How NLRB Rulings Will Impact the Lodging Industry

The National Labor Relations Board (NLRB) Ambush election rule will become effective on April 14, 2015. This rule implements significant changes to union elections. Have no doubt, the primary purpose for this sudden manipulation of the election process is to prevent employers from expressing their perspective on unionizing and to stop employees from getting balanced information about unions.  Read on to review and understand the ruling, brought to us from Lodging Magazine, Brian Crawford.

In recent months, a non-elected, bureaucratic body has lead an aggressive campaign to fundamentally change the dynamic between business and labor—a relationship that has been highly effective and crucial to the long-term foundation of our economy. The National Labor Relations Board (NLRB) has been handing down a series of rulings that will have a profound impact on the lodging industry and many, many others.

One of the most recent rules promulgated by the NLRB deals with union representational campaigns, or “ambush” elections. Scheduled to go into effect April 14, 2015, unless Congress or a court intervenes, this new rule deprives lodging employees of the time and information necessary to make an informed choice about union representation and impinges on the free speech and due process rights of AH&LA members. It does this by shortening the time between a union petition for election and the day the board opens the polls from the current median of 38 days to as few as 14 days. The new rule also deprives employers of due process rights that have been integral to the existing election process, and it requires employers to provide the union with employees’ personal phone numbers and email addresses.

The last requirement seriously infringes on the privacy rights of employees. Employees would neither have the right to prevent the release of their contact information nor have the ability to determine which information is provided. This creates increased risk to the employee of intimidation, harassment, identity theft, or other fraud.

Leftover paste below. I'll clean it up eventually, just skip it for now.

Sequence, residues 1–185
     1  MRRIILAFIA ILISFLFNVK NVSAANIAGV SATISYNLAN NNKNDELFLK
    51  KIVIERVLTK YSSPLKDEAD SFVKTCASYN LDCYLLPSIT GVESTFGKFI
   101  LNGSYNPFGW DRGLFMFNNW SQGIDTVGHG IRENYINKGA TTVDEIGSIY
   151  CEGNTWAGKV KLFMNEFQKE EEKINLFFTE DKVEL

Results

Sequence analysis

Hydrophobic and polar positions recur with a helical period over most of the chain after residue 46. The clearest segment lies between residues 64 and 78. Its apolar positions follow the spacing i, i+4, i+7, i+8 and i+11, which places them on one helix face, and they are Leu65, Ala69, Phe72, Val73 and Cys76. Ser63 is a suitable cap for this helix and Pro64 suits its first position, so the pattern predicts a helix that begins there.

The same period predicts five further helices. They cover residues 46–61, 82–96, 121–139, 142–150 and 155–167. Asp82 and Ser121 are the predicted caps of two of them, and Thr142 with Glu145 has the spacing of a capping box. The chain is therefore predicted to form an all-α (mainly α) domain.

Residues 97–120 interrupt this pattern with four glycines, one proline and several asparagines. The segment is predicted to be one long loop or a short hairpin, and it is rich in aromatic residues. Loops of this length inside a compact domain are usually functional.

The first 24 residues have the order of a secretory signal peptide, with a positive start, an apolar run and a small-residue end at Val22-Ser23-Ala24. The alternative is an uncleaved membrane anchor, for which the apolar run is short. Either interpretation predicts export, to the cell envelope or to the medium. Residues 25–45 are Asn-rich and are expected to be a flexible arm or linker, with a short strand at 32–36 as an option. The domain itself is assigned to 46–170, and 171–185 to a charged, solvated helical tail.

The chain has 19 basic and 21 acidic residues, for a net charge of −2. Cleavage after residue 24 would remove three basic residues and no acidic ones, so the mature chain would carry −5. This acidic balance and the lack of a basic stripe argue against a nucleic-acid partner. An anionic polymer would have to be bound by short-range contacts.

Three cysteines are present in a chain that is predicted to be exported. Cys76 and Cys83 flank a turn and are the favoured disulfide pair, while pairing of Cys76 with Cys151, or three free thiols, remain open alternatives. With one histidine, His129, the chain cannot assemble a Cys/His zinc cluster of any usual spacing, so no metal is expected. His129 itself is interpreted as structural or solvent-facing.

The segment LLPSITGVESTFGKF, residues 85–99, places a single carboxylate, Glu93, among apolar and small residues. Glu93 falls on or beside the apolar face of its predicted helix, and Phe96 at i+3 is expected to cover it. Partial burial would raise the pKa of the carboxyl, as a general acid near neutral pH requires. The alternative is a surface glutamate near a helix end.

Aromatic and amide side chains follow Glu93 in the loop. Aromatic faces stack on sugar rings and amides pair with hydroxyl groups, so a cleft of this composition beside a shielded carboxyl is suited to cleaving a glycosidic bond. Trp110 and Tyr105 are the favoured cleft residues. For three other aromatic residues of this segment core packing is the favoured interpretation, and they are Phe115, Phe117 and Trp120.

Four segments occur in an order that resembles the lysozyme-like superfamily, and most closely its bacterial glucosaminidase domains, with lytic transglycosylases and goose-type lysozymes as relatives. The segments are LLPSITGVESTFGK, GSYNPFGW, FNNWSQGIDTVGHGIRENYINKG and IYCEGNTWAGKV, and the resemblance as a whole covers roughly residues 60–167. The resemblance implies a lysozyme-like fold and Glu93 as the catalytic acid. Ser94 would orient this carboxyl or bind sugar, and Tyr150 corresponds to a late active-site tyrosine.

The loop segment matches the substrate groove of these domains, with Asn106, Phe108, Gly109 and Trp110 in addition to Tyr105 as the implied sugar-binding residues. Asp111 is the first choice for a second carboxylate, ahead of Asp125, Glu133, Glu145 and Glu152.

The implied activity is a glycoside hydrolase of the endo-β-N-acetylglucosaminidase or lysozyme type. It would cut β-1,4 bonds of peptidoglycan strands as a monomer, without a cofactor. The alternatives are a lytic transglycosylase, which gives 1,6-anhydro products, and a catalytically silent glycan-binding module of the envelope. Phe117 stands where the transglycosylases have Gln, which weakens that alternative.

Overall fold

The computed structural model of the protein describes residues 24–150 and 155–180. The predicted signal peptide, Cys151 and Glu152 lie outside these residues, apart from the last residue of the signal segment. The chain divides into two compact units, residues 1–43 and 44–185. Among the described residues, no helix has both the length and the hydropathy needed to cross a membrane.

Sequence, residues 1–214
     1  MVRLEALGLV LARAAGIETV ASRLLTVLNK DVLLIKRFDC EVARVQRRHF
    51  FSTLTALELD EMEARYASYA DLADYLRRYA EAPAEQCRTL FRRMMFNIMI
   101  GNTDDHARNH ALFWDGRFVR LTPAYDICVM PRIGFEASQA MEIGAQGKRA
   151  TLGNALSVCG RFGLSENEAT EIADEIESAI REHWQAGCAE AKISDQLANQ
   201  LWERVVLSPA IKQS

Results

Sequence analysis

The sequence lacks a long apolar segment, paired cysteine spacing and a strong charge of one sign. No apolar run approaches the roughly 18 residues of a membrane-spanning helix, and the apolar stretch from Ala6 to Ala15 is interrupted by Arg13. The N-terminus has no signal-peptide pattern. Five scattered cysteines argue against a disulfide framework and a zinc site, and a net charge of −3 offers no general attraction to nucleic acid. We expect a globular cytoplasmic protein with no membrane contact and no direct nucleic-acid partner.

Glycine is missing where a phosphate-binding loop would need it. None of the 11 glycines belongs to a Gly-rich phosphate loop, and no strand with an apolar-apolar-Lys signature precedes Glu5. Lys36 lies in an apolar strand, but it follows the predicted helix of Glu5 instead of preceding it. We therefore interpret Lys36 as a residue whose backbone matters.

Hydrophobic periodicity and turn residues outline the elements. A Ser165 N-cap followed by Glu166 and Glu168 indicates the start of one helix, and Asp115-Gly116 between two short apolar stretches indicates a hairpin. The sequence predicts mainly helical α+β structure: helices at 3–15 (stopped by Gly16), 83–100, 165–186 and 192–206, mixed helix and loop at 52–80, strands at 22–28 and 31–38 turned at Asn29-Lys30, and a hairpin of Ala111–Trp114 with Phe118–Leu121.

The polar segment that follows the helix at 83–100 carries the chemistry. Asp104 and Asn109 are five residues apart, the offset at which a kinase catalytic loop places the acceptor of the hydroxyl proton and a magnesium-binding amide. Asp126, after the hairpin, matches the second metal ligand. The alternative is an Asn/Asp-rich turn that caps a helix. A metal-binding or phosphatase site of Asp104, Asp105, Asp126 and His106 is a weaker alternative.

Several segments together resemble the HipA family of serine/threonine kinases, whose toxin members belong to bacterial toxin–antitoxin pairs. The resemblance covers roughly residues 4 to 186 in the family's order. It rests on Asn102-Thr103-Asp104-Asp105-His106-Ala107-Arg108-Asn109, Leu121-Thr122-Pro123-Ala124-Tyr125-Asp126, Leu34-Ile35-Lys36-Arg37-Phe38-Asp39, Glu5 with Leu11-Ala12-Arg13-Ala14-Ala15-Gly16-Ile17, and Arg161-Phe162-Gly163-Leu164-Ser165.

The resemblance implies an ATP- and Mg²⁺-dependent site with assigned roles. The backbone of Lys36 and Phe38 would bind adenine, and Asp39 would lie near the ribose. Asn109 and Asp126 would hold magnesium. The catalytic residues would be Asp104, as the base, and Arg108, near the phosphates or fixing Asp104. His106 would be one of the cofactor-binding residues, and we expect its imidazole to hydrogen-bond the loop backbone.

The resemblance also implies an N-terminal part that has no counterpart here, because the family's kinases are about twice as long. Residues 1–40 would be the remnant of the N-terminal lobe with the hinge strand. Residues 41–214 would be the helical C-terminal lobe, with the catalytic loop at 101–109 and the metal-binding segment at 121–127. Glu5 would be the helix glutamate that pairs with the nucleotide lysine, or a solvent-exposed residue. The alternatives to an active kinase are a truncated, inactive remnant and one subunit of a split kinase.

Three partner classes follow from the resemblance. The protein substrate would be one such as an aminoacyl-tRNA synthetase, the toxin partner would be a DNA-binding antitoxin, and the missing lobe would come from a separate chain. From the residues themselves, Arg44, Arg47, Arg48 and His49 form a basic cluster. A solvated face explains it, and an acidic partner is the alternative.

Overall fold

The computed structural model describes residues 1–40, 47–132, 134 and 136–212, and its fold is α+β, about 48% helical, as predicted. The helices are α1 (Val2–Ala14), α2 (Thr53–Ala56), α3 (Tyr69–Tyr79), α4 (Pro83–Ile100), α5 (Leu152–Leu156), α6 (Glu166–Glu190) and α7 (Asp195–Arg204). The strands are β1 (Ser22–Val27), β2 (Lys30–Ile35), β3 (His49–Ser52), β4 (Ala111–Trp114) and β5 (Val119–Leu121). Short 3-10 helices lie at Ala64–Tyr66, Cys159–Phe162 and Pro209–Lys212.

By shortening the election time frames, the rule also effectively deprives employers of free speech, as it significantly limits the time they have to discuss union representation with their employees. This also infringes on employees’ right to make an informed choice.

As then-senator John F. Kennedy Jr. explained in 1959 during debates over amendments to the National Labor Relations Act (NLRA), a 30-day period before any election was a necessary “safeguard against rushing employees into an election where they are unfamiliar with the issues.”

Under current law, unions are permitted to campaign months prior to the election, and during that time promises are often made to employees. By shortening the election period, the rule greatly limits employers’ ability to respond to any promises or allegations made by the union and significantly reduces employees’ opportunity to gather all the facts needed to make an informed choice. Without these facts, workers may enter into collective bargaining relationships with misconceptions and unrealistic expectations, creating unnecessary labor-management tension and undermining the stability of the bargaining relationship and future labor and employee relations. This will negatively impact employees, employers, and consumers.

As one of the nation’s largest employers, the lodging industry has helped lead the national economic recovery with more than 50 months of steady, consecutive growth. It is important to note that our industry is composed largely of small businesses, with more than 55 percent of hotels nationally having 75 rooms or fewer. Many of these individually owned properties do not have the staff of human resources and legal experts needed to address the complexities associated with a representational election.

Many small business owners, when facing a union organizing campaign, need to consult with outside counsel to understand both the organizing drive and the complex legal requirements and responsibilities imposed by the NLRA. The ambush election rule requires a hearing within eight days of a petition, with an election held shortly thereafter. This leaves very little time for an employer to secure outside counsel and develop a response to the factual and legal issues involved in the election. Thus, the shortened election timeframes greatly increase the chance that smaller business owners will accidentally waive important rights or violate the NLRA or related laws.

AH&LA is leading the charge on Capitol Hill to stop this harmful regulation. The House and the Senate have passed legislation that would overturn the NLRB’s rule utilizing the Congressional Review Act (CRA). Under the CRA, Congress can overturn an agency’s rulemaking with a simple majority vote. Despite the success in Congress, however, it is anticipated that President Obama will veto the measure and force Congress to override his veto with a supermajority in both chambers. In addition, a number of business groups, including the U.S. Chamber of Commerce and National Federation of Independent Business, have filed lawsuits challenging the rule, which may ultimately delay its effective date.

Ensuring that employees make an informed choice about union representation is essential to stable labor and employee relations within the lodging industry. Small business owners within the hospitality industry—as well as the rest of the economy—are already struggling with current regulations. Adding such a complex array of laws and restrictions under the NLRA to an already substantial regulatory burden without time to secure legal counsel is unnecessary, unfair, and harmful to our economy and job growth.

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